The release of dissolved organic carbon as a result of diatom fragmentation during feeding by Mysis relicta
The release of dissolved organic carbon (DOC) by Mysis relicta that occurs while feeding may be an important pathway in the recycling of nutrients in Lake Michigan. Laboratory experiments were conducted to determine the levels of DOC released by M. relicta from Lake Michigan while grazing on laboratory-cultured diatoms. Increasing filtering rates were observed at progressively lower chlorophyll concentrations. Higher filtering rates were accompanied by higher fragmentation of diatoms and a higher concomitant release of DOC from broken cells. While the amount of DOC release is small (0.02−3.30 μg C·1−1 · h−1), it nonetheless is of importance to bacteria and possibly some algae. After assimilation by bacteria and algae, the organic carbon is then available to consumers.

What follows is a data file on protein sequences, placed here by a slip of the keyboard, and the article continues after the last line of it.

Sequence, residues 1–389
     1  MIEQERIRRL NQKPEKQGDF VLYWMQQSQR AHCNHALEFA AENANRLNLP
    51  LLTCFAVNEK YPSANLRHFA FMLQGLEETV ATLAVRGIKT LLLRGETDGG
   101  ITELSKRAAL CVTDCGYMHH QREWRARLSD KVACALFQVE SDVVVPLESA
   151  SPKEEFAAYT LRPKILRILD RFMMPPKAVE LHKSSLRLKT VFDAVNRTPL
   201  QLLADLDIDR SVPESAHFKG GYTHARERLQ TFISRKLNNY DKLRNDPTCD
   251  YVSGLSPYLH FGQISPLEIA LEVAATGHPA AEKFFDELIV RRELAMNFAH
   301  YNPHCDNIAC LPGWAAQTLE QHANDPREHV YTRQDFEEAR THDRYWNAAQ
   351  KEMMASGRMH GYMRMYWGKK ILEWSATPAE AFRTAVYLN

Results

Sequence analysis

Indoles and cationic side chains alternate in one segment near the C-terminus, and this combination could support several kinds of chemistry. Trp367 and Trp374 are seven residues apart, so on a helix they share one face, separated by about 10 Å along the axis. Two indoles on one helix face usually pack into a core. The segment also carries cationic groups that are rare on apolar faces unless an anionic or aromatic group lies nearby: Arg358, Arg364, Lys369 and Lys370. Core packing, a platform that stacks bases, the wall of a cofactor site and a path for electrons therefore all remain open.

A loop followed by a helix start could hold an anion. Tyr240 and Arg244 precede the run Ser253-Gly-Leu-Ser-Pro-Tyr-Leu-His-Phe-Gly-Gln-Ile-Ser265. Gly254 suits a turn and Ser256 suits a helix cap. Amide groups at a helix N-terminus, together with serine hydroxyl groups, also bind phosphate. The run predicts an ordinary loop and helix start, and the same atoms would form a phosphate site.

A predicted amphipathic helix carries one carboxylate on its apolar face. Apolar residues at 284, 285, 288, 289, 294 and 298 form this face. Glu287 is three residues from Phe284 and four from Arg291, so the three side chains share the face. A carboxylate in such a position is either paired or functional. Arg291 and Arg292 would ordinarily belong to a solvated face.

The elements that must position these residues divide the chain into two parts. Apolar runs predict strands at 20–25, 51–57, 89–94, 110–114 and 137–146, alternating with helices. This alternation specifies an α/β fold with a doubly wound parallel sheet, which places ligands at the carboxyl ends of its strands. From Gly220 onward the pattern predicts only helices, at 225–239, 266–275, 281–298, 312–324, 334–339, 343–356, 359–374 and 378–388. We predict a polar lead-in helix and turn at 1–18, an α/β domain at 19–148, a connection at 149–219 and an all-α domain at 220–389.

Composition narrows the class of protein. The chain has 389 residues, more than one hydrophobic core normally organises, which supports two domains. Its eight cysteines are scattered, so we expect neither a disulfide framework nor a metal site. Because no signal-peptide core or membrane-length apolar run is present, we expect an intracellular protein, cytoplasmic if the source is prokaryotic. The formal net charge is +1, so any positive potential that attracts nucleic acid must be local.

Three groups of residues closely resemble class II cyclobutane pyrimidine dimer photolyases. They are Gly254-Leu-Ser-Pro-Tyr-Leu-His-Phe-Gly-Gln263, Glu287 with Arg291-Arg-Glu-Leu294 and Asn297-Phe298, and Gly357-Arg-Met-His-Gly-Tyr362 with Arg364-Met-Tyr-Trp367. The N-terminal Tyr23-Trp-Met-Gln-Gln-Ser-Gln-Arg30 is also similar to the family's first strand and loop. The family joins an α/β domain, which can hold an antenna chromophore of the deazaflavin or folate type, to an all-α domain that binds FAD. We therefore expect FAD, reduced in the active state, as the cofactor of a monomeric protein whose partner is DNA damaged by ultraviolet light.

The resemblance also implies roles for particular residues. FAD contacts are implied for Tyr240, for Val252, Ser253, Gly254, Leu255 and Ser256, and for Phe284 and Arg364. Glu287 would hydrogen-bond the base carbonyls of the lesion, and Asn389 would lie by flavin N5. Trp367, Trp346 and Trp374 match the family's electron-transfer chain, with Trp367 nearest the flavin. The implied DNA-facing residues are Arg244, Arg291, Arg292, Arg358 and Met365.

KeywordsMysidacea Mysis relicta dissolved organic carbon fragmentation grazing recycling
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